UK private sector growth “slowed to a crawl” in July as weaker customer demand and staff shortages weighed on industry, according to new figures.
The closely followed S&P Global/CIPS flash UK composite purchasing managers index (PMI) report showed a reading of 52.8 for July, dropping from a 53.7 reading for June.
The reading represented a new 17-month low.
Nevertheless, it was slightly above the predictions over a consensus of economists who had forecast 52.5 for the month.
🇬🇧 Latest flash data for the UK revealed another slowdown in growth with the #PMI at a 17-month low of 52.8 (Jun: 53.7). Service providers registered activity growth while manufacturing production decreased in July. Read more: https://t.co/3wgct4u7oA pic.twitter.com/edNHm5UKHi
— S&P Global PMI™ (@SPGlobalPMI) July 22, 2022
The survey of UK business showed a slowdown in output growth driven by “softer demand”.
As a result, the manufacturing sector saw activity decline for the first month since May 2020 as goods producers blamed a lack of new work to replace completed orders.
Chris Williamson, chief business economist at S&P Global Market Intelligence, said: “UK economic growth slowed to a crawl in July, registering the slowest expansion since the lockdowns of early-2021.
“Although not yet in decline, with pent-up demand for vehicles and consumer-oriented services such as travel and tourism helping to sustain growth in July, the PMI is now at a level consistent with just 0.2% GDP growth.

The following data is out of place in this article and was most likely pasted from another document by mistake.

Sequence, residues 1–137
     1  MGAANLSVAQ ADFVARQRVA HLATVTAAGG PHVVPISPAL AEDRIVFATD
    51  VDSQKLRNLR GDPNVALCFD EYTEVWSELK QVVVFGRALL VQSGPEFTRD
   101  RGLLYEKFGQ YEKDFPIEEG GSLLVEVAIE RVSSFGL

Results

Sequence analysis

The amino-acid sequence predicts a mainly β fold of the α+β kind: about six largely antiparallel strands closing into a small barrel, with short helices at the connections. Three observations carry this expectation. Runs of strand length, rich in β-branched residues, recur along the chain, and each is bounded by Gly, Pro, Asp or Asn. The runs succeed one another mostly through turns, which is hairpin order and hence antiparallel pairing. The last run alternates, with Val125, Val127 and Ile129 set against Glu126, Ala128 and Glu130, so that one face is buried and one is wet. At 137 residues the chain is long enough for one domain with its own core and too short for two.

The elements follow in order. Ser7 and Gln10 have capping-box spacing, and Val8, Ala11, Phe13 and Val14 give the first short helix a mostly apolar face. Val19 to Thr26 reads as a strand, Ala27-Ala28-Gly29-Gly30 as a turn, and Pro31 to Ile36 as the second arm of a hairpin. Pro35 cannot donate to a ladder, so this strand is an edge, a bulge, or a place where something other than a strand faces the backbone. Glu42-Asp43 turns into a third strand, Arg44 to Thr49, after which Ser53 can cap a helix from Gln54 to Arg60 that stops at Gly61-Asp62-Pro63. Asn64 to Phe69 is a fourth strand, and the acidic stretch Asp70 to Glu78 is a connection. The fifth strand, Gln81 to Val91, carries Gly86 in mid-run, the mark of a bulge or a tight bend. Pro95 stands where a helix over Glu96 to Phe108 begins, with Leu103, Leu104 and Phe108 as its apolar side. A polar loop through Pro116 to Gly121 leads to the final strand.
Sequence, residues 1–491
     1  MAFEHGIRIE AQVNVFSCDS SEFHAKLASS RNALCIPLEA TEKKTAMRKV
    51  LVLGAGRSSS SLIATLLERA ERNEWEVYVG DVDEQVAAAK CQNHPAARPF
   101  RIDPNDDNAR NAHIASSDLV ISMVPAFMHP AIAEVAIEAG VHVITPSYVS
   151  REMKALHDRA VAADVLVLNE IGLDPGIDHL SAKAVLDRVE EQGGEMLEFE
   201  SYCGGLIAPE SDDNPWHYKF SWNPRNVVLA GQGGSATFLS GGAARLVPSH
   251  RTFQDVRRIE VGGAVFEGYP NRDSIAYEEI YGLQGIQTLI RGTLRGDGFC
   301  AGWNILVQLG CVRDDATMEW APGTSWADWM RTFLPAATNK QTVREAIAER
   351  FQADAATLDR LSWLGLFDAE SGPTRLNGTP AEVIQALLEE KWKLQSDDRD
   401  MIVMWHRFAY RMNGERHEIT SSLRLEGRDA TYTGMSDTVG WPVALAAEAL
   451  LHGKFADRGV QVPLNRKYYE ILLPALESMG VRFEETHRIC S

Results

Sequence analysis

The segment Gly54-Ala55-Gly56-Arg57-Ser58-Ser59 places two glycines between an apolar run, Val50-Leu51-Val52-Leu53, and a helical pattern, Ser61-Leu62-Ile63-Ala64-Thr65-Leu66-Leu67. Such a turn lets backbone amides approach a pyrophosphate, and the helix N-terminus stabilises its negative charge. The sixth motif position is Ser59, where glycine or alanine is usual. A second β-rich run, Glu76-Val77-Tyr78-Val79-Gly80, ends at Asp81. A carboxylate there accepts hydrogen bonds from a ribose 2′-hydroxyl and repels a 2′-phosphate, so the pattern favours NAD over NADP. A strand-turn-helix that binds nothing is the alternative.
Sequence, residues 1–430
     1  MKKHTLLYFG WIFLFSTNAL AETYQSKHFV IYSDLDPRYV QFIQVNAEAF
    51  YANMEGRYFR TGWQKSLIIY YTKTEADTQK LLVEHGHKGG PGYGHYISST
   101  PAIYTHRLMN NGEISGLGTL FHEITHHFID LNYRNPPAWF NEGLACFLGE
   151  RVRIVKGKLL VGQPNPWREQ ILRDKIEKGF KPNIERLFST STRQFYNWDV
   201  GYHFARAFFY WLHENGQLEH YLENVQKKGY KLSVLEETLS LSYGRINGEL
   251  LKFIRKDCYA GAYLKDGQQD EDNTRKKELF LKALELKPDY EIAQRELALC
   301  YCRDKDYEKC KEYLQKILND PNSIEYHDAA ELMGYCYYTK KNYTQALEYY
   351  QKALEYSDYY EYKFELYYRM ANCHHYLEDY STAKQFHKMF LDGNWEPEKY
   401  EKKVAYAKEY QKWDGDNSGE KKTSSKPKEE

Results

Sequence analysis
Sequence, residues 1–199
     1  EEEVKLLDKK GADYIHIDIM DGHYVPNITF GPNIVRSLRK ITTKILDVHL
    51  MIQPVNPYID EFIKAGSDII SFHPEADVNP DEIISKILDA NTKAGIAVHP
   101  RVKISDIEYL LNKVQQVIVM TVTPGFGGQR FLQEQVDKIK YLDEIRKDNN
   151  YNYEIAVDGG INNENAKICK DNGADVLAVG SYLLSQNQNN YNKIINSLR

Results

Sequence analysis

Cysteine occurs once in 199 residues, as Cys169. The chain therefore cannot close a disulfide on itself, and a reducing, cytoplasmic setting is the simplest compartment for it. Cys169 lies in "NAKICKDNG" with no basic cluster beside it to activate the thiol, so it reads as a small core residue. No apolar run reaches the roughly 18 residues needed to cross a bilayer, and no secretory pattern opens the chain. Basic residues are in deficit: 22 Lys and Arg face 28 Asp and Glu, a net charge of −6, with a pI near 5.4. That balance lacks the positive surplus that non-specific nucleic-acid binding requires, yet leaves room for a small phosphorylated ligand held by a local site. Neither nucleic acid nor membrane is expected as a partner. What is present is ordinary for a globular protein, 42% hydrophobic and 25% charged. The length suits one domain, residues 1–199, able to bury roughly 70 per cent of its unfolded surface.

“Forward-looking indicators suggest worse is to come.
“Manufacturing order books are now deteriorating for the first time in one-and-a-half years as inflows of new work are insufficient to keep workforces busy, which is usually a precursor to output and jobs being cut in coming months.”
The new report also highlighted that slowing overall activity in July was partly caused by “ongoing capacity constraints arising from shortages of materials and staff”.
Nevertheless, the services sector continued to outperform other areas of industry, although its own growth slowed slightly.
Firms revealed that cost inflation eased for the second consecutive month to bring monthly cost rises to a 10-month low, with the easing particularly notable among manufacturing firms.
As a result, there was also a slowdown in increases to the prices charged by companies to their customers.
Duncan Brock, group director at CIPS (Chartered Institute of Procurement & Supply), said: “Private sector firms left little to get excited about in July with the softest rise in activity since February 2021 but there was a scrap of improvement in some areas that offered light relief.
“The rise in input costs was the lowest since September 2021 with a slight stabilisation in fuel costs and some commodity prices had started to drop.”